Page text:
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Characterization of the motion of membrane proteins using high-speed atomic force microscopy

Nature Nanotechnology volume 7, pages 525529 (2012) | Download Citation

Abstract

For cells to function properly1, membrane proteins must be able to diffuse within biological membranes. The functions of these membrane proteins depend on their position and also on protein–protein and protein–lipid interactions2. However, so far, it has not been possible to study simultaneously the structure and dynamics of biological membranes. Here, we show that the motion of unlabelled membrane proteins can be characterized using high-speed atomic force microscopy3. We find that the molecules of outer membrane protein F (OmpF) are widely distributed in the membrane as a result of diffusion-limited aggregation, and while the overall protein motion scales roughly with the local density of proteins in the membrane, individual protein molecules can also diffuse freely or become trapped by protein–protein interactions. Using these measurements, and the results of molecular dynamics simulations, we determine an interaction potential map and an interaction pathway for a membrane protein, which should provide new insights into the connection between the structures of individual proteins and the structures and dynamics of supramolecular membranes.

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Acknowledgements

The authors thank C. Nimigean and F. Rico for critical discussion of the manuscript. The authors also thank P. Abeyrathne for support with the lipopolysaccharide detection. Work in the Scheuring laboratory was supported by the Institut Curie, the Institut National de la Santé et Recherche Médicale (INSERM), the Agence Nationale de la Recherche (ANR) and the City of Paris. Work in the Sturgis laboratory was supported by the Centre National de la Recherche Scientifique (CNRS), the Agence Nationale de la Recherche (ANR), Centre Informatique National de l'Enseignement Superieur (CINES) and Aix-Marseille University. Work in the Stahlberg laboratory was supported by the Swiss National Science Foundation (grant no. 315230_127545, and NCCRs Struct Biol and TransCure) and the Swiss Initiative for Systems Biology (SystemsX.ch).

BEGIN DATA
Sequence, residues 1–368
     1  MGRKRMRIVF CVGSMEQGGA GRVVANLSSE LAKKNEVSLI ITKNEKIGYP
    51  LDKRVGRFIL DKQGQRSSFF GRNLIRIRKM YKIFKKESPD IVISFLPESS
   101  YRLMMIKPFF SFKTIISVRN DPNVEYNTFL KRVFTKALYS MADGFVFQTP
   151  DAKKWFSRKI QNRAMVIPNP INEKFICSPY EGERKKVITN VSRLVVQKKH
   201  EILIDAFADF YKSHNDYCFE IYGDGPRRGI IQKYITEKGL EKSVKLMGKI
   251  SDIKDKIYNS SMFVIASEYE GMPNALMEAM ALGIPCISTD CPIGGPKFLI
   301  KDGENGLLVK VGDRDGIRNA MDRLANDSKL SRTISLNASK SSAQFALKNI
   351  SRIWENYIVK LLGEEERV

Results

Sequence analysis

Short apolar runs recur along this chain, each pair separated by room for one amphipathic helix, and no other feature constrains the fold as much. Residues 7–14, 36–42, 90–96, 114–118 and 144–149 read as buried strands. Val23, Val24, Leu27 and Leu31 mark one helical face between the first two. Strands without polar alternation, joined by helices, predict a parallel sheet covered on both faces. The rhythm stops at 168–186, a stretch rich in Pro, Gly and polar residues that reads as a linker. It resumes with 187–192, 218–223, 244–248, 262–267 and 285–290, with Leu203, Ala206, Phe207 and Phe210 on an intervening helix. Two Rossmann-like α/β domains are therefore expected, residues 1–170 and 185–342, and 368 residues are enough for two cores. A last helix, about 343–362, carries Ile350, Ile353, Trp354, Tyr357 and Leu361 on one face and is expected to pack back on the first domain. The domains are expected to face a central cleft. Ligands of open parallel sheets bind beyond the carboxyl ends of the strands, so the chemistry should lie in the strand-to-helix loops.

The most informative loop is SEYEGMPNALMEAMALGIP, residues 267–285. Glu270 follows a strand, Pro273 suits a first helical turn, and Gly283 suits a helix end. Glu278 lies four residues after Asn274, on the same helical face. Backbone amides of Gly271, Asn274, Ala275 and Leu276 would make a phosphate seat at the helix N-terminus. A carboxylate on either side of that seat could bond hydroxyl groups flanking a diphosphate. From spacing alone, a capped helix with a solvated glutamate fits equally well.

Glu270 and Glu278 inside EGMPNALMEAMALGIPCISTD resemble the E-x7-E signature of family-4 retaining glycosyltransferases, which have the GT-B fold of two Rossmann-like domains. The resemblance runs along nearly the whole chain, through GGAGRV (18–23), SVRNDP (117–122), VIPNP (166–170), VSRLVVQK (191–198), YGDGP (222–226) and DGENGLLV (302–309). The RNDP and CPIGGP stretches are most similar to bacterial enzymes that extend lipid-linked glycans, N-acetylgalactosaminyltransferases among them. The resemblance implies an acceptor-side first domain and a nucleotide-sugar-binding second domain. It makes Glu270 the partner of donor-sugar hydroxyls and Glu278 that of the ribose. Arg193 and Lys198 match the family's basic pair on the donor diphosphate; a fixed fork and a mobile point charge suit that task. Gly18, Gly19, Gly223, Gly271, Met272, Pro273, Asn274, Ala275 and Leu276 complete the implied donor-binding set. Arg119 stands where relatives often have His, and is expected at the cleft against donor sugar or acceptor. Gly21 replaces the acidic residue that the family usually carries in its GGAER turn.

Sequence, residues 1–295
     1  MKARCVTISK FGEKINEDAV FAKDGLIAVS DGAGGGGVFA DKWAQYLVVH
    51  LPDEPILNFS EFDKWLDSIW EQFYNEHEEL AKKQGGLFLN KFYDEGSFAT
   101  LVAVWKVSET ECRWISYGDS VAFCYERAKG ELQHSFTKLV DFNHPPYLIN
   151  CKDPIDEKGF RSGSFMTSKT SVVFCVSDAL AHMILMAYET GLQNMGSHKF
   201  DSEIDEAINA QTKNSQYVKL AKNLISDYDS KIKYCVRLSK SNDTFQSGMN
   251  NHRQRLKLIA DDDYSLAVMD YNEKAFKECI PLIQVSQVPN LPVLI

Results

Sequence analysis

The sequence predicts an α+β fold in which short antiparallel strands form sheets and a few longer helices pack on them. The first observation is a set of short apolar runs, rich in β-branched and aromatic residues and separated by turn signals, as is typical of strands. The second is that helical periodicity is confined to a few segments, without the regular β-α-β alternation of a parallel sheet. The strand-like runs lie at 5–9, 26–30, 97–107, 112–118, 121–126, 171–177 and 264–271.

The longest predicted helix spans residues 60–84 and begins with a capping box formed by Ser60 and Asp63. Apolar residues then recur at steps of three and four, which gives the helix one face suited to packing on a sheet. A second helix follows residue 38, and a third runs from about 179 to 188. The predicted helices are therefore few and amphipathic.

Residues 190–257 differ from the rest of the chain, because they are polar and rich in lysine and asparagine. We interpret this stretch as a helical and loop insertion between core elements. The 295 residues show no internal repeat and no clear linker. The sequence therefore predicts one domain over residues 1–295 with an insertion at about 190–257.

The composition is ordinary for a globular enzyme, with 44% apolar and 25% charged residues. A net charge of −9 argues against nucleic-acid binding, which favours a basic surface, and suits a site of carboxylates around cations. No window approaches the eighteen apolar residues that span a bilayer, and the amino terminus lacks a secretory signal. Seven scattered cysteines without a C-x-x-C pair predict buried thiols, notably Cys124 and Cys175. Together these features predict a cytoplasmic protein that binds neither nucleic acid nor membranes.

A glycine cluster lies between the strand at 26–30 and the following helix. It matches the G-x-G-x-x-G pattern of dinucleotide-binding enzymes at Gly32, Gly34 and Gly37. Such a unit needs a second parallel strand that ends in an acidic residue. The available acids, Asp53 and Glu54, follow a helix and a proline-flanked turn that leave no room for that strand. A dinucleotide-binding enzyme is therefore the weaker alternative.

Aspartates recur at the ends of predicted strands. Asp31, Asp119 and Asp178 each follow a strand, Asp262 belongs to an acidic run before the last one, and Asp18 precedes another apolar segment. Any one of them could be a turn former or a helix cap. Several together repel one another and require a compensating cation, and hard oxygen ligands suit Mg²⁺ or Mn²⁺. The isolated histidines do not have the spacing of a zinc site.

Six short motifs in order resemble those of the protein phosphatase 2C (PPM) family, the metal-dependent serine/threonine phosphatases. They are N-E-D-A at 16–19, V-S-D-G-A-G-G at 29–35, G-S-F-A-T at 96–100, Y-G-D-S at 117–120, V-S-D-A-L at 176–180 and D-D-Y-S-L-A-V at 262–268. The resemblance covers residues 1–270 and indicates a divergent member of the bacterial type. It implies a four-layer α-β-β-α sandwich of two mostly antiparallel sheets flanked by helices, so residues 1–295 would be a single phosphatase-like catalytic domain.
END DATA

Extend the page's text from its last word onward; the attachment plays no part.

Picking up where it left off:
Author information

Affiliations

  1. U1006 INSERM, Aix-Marseille Université, Parc Scientifique et Technologique de Luminy, 163 avenue de Luminy, 13009 Marseille, France

    • Ignacio Casuso
    • , Mohamed Husain
    •  & Simon Scheuring
  2. UPR-9027 LISM, CNRS-Aix-Marseille University, Marseille, 13402, France

    • Jonathan Khao
    • , Jean-Pierre Duneau
    •  & James N. Sturgis
  3. Center for Cellular Imaging and NanoAnalytics (C-CINA), Biozentrum, University Basel, Mattenstrasse 26, WRO-1058, CH-4058 Basel, Switzerland

    • Mohamed Chami
    •  & Henning Stahlberg
  4. Cell and Tissue Imaging Facility (PICT-IBiSA), UMR144 CNRS-Institut Curie, 26 rue d'Ulm, Paris, F-75248 France

    • Perrine Paul-Gilloteaux

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Contributions

I.C. and S.S. conceived the experiments. I.C., M.H., M.C. and J.K. performed experiments. I.C., S.S., M.H., P.P-G., J-P.D. and J.N.S. analysed the data. I.C., S.S., J.N.S. and H.S. co-wrote the paper.

Competing interests

The authors declare no competing financial interests.

Corresponding author

Correspondence to Simon Scheuring.

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DOI

https://doi.org/10.1038/nnano.2012.109

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